Philosophy, then, is not a kind of knowledge that one could acquire directly, like vocational and technical expertise, and which, like economic and professional knowledge in general, one could apply directly and evaluate according to its usefulness in each case.
But what is useless can nevertheless be a power—a power in the rightful sense. That which has no immediate resonance <Widerklang> in everydayness can stand in innermost harmony <Einklang> with the authentic happening in the history of a people. It can even be its prelude <Vorklang>. What is untimely will have its own times. This holds for philosophy. Therefore, we cannot determine what the task of philosophy in itself and in general is, and what must accordingly be demanded of philosophy. Every stage and every inception of its unfolding carries within it its own law. One can only say what philosophy cannot be and what it cannot achieve.
A question has been posed: “Why are there beings at all instead of nothing?” We have claimed that this question is the first. We have explained in what sense it is meant as the first.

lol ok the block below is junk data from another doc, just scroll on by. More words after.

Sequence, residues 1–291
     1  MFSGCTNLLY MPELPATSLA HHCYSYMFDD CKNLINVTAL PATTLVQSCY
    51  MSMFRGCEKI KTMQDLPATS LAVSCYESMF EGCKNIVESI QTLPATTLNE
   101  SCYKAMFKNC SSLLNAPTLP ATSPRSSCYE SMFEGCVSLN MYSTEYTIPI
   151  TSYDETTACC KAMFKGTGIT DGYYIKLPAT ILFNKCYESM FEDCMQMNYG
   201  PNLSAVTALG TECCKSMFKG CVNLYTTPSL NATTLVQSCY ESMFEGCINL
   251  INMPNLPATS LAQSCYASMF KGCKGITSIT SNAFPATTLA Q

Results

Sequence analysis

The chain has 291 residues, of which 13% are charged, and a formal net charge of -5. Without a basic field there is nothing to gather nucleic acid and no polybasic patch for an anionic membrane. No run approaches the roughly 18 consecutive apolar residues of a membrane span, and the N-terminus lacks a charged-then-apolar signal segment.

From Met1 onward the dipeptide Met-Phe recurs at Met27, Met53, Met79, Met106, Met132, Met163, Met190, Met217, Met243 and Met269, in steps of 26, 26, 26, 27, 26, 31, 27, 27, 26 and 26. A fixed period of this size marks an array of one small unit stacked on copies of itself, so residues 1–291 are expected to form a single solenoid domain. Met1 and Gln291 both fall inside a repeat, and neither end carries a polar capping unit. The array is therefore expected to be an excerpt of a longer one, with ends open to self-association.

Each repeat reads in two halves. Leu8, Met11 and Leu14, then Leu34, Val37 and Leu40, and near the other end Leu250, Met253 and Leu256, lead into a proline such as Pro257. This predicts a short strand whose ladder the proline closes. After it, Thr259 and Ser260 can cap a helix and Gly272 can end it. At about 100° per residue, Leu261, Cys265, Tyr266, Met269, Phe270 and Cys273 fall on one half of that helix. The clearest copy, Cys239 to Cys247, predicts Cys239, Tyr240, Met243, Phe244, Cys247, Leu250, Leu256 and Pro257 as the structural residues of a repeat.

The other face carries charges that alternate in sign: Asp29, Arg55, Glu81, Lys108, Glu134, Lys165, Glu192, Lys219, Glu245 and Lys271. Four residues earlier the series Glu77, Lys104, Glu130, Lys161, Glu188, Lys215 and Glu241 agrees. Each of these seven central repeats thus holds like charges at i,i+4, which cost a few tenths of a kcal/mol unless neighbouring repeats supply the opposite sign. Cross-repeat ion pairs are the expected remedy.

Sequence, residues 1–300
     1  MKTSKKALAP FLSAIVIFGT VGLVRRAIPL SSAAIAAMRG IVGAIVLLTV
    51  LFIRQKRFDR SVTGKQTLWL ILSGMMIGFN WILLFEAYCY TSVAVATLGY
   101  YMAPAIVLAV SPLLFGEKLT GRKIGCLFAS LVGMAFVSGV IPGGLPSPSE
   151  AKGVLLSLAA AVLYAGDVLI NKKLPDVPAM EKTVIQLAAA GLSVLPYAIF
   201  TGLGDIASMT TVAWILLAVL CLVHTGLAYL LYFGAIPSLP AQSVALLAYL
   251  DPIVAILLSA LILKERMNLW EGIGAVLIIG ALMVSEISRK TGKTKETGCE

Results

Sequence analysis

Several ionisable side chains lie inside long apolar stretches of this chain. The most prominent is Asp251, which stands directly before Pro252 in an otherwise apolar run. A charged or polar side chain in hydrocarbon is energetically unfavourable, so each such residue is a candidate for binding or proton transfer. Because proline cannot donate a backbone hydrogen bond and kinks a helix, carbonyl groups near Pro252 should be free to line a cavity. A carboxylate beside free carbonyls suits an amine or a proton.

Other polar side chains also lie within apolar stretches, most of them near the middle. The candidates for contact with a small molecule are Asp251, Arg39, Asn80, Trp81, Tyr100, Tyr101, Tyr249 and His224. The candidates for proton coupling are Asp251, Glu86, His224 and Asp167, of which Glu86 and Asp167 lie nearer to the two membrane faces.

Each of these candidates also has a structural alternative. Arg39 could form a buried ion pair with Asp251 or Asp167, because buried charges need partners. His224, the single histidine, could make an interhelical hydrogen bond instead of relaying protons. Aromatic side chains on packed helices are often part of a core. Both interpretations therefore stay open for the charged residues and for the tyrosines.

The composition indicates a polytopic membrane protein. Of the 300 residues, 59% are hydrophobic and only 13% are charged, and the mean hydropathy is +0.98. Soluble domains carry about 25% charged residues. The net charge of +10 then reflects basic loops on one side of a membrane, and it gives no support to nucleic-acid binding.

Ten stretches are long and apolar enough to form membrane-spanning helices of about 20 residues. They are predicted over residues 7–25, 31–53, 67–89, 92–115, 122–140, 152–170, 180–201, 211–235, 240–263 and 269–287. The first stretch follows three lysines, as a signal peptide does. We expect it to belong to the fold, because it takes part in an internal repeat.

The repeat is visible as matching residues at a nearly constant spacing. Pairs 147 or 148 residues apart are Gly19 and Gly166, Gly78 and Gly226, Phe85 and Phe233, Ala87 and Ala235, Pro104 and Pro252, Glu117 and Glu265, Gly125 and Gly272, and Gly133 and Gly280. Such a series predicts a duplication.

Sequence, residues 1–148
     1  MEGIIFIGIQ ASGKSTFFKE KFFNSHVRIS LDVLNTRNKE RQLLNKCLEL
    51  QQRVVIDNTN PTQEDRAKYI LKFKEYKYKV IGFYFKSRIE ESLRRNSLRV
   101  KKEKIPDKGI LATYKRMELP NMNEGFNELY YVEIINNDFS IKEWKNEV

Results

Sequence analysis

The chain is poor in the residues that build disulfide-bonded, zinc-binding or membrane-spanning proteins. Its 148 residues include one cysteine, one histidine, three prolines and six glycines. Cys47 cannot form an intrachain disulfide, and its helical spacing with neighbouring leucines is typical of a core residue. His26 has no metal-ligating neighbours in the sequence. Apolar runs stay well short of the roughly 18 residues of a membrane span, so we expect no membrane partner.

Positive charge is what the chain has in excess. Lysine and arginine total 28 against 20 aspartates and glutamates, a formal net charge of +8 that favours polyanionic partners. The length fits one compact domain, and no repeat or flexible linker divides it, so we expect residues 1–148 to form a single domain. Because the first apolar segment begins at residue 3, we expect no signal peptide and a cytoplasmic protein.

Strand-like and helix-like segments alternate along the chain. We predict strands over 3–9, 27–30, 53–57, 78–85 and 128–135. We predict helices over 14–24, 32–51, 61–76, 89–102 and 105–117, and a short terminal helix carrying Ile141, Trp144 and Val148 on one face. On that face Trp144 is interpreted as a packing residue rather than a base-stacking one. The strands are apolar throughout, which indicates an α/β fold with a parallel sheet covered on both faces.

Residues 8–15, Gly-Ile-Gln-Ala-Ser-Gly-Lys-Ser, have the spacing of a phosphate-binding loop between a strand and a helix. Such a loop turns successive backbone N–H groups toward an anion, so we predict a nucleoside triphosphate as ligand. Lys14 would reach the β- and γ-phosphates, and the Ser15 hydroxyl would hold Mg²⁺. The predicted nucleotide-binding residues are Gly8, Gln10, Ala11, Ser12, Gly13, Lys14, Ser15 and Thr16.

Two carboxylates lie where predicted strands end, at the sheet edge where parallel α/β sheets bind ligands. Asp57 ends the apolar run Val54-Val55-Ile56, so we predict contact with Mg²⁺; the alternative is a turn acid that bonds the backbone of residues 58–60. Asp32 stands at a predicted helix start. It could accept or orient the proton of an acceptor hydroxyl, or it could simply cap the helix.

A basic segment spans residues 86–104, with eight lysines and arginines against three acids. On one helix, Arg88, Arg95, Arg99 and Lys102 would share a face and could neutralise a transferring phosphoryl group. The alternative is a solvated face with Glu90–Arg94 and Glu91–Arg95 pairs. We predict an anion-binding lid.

Thus we have not yet asked this question; right away we turned aside into a discussion of it. This procedure is necessary, for the asking of this question cannot be compared with what is customary. There is no gradual transition from the customary by which the question could slowly become more familiar. This is why it must be posed in advance, pro-posed <vor-gestellt>, as it were. On the other hand, in this pro-posal of and talk about the question, we must not defer, or even forget, the questioning.
We therefore conclude the preliminary remarks with this session’s discussions.
Every essential form of spirit is open to ambiguity. The more this form resists comparison with others, the more it is misinterpreted.